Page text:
‘We’ve now lost more than a year’s worth of dentistry, and any recovery will be impossible if Ministers fail to halt the exodus from a demoralised workforce.

‘NHS dentistry is at the last chance saloon. For the sake of our patients real, urgent reform cannot remain stuck on the government’s ‘too difficult’ list.’

There was one bright spot in the latest NHS dentistry statistics however, with more English children seeing a dentist in the past year.

Children, whose dental attendance is reported in 12 month blocks have seen a modest recovery from the disruption to services caused by the pandemic. 

A total of 5.1million under-18s saw an NHS dentist by the end of 2021, about 42.5 per cent of the population. 

This is a significant recovery from the figures for the end of 2020 when only 3.6 million children saw an NHS dentist.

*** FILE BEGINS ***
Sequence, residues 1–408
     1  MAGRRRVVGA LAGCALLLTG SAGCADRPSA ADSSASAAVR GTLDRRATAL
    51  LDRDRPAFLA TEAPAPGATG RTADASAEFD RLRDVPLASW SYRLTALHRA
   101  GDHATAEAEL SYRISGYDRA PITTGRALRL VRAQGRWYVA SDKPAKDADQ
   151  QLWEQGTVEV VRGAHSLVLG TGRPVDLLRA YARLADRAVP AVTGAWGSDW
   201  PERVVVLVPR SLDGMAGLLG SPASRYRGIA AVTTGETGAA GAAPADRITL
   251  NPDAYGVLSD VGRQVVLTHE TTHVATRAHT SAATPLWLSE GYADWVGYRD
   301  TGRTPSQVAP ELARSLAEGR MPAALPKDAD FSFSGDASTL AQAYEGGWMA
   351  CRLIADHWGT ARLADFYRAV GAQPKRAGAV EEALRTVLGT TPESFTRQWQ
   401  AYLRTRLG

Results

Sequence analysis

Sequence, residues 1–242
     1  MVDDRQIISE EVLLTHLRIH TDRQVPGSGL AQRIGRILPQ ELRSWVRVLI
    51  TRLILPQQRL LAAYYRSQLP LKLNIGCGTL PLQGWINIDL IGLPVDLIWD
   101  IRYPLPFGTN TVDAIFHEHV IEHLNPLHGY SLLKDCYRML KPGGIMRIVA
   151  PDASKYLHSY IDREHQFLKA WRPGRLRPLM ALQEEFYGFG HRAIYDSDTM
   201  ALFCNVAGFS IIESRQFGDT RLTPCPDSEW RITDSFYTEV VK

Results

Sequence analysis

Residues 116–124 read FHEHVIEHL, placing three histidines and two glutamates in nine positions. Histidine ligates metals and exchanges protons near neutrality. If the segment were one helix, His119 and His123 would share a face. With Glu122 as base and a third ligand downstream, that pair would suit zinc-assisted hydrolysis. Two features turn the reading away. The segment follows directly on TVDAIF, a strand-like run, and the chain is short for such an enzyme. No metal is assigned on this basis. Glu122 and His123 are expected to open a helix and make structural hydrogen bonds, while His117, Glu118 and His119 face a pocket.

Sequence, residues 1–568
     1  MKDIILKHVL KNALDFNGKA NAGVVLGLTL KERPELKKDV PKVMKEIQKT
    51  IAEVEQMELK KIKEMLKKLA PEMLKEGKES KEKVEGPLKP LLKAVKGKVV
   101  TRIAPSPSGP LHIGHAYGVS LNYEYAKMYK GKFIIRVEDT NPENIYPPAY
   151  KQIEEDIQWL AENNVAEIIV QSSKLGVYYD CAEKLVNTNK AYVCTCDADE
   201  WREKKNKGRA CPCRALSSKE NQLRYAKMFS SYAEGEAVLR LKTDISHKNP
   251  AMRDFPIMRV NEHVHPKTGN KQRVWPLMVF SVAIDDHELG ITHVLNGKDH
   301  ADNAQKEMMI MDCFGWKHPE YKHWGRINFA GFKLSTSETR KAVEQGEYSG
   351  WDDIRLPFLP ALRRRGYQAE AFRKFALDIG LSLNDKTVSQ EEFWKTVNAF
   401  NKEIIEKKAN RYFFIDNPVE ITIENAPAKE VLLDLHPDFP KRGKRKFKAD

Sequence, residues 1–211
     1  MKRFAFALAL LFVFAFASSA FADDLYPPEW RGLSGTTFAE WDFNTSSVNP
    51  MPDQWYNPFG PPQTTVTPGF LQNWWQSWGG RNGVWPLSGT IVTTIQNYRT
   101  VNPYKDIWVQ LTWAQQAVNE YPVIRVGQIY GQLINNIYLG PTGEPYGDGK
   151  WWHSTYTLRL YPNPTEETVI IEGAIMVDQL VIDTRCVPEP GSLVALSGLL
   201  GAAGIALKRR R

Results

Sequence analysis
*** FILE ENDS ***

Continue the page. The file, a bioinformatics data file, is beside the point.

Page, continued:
However, it is still far below pre-pandemic levels when 7million children, over half the population of under-18s in England saw an NHS dentist by the end of 2019.

The £50million funding  from Government to support NHS dentistry services was announced last month with aim of helping dentists conduct an extra 350,000 appointments to help tackle the pandemic treatment backlog.

Running until the end of the March, the funding was offered dentists a pay boost to work out-of-hours, in the evenings and the weekends, and see more patients.

It came amid reports that a fifth of Britons had resorted to “DIY dentistry” at home because they were unable to secure an appointment. 

Commenting on the NHS data a Department of Health spokesperson said the Government was working to get more people the oral care they need. 

 ‘We have taken unprecedented action to support the dental sector throughout the pandemic – levels of dental treatment are increasing and urgent care is back to pre-pandemic levels thanks to the hard work of staff,’ they said. 

‘We are working with NHS England and partners including the British Dental Service to explore alternative ways of commissioning services and reforming dental contracts.’